As much of the conveyancing sector becomes automated, the focus should remain on improving the quality of the service through customer-led changes. Ensuring customer protection is at the forefront of these changes will make for better services, greater customer uptake, and long-term success.
5. More Customer Driven Change
Arguably one of the biggest changes to come out of the coronavirus pandemic for all businesses was customer driven change. In today’s digital society, we are used to doing most things online and getting things as and when we need them. Today’s customers are demanding the convenience of online engagement for processes that feel smoother and more efficient.
As a result, the thought of receiving vast documents through the post to manually fill in and then return face-to-face with a lawyer to sign, for many consumers feels like a step back in time. Digitisation is driving customer-led change and enabling the conveyancing sector to offer an improved and more convenient service at all levels.
6. Improved Financial Security
In the past, fraudsters have taken to targeting the property market – attracted by the large sums of money swapping hands on a regular basis. As a result, new solutions have been sought after to help improve the financial security of buyers.
One such development is open banking. This is a secure way for financial services to access the financial information of individuals and can significantly speed up the mortgage process. In addition, open banking provides greater security and peace of mind for all parties involved in the process by protecting vendors, preventing fraud, and enabling lawyers to fulfil their obligations. It is more safe and secure and allows money and financial information to move around quickly and securely.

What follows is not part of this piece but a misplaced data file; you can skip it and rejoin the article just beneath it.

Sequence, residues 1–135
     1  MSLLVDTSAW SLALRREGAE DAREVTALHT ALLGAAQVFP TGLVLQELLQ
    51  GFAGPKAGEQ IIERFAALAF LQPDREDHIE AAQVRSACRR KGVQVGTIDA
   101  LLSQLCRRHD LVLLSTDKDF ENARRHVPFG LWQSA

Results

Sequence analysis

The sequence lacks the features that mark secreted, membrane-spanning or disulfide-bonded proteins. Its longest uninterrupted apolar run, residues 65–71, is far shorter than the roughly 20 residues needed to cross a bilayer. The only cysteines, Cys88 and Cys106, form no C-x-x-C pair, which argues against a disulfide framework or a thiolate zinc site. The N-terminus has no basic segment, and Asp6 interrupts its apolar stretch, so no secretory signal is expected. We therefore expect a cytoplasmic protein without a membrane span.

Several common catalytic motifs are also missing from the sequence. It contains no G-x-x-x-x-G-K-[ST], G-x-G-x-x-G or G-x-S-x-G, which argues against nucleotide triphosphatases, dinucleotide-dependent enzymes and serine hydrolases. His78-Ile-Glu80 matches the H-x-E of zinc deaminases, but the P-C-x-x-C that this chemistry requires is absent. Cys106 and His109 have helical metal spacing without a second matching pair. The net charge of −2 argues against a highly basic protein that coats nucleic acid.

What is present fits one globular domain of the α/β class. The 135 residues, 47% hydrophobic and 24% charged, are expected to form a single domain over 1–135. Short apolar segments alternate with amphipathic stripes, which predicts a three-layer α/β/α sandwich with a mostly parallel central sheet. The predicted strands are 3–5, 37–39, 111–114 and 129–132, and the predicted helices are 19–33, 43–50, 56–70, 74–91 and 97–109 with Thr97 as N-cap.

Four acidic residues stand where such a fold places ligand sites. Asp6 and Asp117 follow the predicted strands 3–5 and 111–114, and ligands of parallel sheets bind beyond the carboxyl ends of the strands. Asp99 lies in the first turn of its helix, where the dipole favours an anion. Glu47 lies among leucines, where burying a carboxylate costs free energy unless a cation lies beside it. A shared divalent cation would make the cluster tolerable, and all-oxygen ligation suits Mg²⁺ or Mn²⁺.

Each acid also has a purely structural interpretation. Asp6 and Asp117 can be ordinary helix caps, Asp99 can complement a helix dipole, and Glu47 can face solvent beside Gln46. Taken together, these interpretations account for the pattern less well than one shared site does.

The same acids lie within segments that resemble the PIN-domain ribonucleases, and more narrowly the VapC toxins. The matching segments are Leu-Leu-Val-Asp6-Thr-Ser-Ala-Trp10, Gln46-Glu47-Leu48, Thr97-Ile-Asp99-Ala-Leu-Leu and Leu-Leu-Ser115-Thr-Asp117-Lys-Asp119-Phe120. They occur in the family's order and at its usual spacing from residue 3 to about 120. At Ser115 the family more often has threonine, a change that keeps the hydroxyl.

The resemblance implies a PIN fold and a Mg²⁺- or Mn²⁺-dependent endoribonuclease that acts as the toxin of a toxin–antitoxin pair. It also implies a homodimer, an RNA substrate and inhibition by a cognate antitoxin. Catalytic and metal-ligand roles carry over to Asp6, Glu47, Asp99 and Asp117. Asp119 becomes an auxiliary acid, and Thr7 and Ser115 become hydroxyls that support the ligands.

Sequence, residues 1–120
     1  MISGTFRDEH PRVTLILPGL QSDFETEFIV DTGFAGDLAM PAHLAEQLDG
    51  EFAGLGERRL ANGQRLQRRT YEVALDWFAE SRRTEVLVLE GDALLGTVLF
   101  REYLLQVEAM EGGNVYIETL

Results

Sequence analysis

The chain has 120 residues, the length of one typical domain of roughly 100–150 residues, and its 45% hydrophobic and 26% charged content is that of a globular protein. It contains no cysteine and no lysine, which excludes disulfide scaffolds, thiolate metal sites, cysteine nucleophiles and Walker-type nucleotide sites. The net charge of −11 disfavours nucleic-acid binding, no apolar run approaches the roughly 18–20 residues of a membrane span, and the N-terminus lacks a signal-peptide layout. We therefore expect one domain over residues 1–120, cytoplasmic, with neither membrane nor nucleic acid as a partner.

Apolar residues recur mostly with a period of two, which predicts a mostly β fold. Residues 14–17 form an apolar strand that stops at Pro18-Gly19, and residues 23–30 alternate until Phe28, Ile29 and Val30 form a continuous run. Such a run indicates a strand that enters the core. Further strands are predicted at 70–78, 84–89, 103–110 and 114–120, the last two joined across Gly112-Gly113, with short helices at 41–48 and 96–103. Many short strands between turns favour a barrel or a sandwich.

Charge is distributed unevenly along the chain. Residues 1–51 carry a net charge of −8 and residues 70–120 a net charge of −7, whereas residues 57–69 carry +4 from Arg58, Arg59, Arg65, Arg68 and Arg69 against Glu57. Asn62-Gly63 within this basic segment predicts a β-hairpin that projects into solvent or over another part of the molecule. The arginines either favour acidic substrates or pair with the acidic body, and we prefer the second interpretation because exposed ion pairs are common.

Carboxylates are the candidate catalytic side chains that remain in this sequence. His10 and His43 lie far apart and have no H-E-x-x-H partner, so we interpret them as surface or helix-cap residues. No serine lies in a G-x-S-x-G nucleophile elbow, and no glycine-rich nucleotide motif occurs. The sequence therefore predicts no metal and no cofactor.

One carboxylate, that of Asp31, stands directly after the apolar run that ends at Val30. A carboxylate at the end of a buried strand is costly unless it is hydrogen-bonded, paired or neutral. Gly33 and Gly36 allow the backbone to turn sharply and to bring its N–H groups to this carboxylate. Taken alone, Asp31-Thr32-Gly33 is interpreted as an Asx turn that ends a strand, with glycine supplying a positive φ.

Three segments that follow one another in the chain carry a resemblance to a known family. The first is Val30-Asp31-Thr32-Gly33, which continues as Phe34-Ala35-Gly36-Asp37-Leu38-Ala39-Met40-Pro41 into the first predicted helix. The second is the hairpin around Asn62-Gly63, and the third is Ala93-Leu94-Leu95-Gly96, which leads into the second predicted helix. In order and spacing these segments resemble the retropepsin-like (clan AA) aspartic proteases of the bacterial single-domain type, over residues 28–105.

7. A Change in the Conveyancer’s Role
“By 2020, 25% of customer service operations will use virtual customer assistants like chatbots, up from 2% in 2017.” – Gartner
It is expected that there will be a change in the conveyancer’s role. While digitally supported transactions will be controlled by the consumer, perhaps via an app on their smartphone, consumers will then be able to speak to a conveyancer in whatever way they wish. It might be through chatbots, video calls, phone calls, or face-to-face, but whichever method if selected, means a change in the conveyancer’s role.
Conveyancers will be expected to answer any questions consumers might have, explain to them further about the suitability of a property for their needs, and generally provide reassurance. No matter how much you digitise a process and make changes towards efficiency, people will still want to speak to a seasoned professional who can answer their questions and provide advice with confidence. This is very much what the conveyancer’s role is expected to become.
8. Automation and Investment
As the role of the conveyancer changes and adapts to keep up with consumer demand and digitisation, many administrative aspects of the job will become automated. Technology will improve transparency and conveyancing roles will become far more advisory.
As such, it is important that conveyancers invest in the training and skills required to meet these changes head-on. Investment and training into skills such as listening, communication, and empathy will be more important than ever as customers demand a combination of convenience and professionalism. Providing this will ensure your conveyancing service is one people can trust and return to again and again for guidance and support.
As you can see, there are many changes coming to the conveyancing sector – with some already underway! The best step conveyancers can take today is investing time and resources into improving their service for their customers. After all, great customer service is what people are looking for!